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Our Friends in the East

Ann Hills introduces a British Council exhibition on Polish-British relations.

The British Council's exhibition - The Eagle & The Lion: 900 years of Polish-British Relations - is touring Poland. This month it finishes its stint in Warsaw and moves on to Lodz. It was born as a celebration of friendships and alliances and was timed to coincide with the Queen's visit to Poland in March.

But what is less high profile is the major cutback in funds to the British Council which might have put this 100,000[pounds] exhibition at risk had the cuts been announced earlier. They threaten the services of the Council in Poland, including the main centre in Warsaw - active for more than fifty years - which has recently been refurbished, and a dozen or so libraries and information centres around the country.

At the London preview of the exhibition, Neal Ascherson, author of several books on Poland, warned that `Britain now has an enormous chance to do something before the next bad times. We must help get Poland into the European Union and into NATO without delay. Otherwise we have really learnt nothing through the logic of our common history'. His plea that `Poland should enter the heart of Europe - not as a stranger but as a friend', echoed the sentiments of the late Edward, Count Raczynski - Poland's pre-war ambassador in London - when he said twenty years ago: 'Only the political unification of Europe can bring us a change for the better'.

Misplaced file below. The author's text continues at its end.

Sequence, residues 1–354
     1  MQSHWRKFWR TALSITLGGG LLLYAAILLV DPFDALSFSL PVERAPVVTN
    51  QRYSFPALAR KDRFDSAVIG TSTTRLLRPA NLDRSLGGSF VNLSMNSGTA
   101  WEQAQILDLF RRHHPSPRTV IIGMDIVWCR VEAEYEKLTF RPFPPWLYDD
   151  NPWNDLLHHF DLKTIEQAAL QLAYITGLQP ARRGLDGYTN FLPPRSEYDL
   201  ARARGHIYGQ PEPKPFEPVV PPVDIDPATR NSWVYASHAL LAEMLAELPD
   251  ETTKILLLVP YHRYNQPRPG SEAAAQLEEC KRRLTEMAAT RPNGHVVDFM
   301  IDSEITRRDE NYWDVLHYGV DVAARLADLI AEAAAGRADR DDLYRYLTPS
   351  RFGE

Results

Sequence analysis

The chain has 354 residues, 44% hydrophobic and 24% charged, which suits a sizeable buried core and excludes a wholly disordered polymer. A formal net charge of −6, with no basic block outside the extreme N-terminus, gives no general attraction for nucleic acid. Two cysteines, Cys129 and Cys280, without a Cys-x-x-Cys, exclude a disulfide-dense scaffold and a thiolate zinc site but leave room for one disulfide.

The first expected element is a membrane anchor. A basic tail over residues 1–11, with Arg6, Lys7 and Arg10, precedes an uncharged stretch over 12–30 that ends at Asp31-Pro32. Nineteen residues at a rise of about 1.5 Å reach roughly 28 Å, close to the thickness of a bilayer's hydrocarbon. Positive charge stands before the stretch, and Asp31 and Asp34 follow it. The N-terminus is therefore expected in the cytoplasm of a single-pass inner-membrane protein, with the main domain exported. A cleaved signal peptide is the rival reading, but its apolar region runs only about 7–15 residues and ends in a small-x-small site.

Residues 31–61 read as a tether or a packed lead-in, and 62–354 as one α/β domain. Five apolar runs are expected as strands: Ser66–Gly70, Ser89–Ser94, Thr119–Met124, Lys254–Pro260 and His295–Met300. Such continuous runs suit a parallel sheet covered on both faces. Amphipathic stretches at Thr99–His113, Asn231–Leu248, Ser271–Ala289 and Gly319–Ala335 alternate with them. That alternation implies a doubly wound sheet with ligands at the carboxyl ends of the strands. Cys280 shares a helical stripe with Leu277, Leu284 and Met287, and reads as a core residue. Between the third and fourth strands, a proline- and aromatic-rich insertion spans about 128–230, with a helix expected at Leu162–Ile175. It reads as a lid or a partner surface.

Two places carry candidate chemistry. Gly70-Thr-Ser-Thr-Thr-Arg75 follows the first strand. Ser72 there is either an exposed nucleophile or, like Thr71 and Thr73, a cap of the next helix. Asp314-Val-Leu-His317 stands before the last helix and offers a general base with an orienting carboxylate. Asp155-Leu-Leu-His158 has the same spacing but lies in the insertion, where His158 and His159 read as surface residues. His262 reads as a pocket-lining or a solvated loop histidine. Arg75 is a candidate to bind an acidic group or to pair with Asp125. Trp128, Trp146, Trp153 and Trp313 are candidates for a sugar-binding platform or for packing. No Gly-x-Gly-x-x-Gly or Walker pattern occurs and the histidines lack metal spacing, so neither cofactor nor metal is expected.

These ideals were shared by the exhibition researcher, Noel Clark, former head of the BBC's Central European Service. He spent months researching our mutual links which have been forged over a millennium, notably through twin co-operation in trade and war: through money-making and bloodshed across Europe and beyond.

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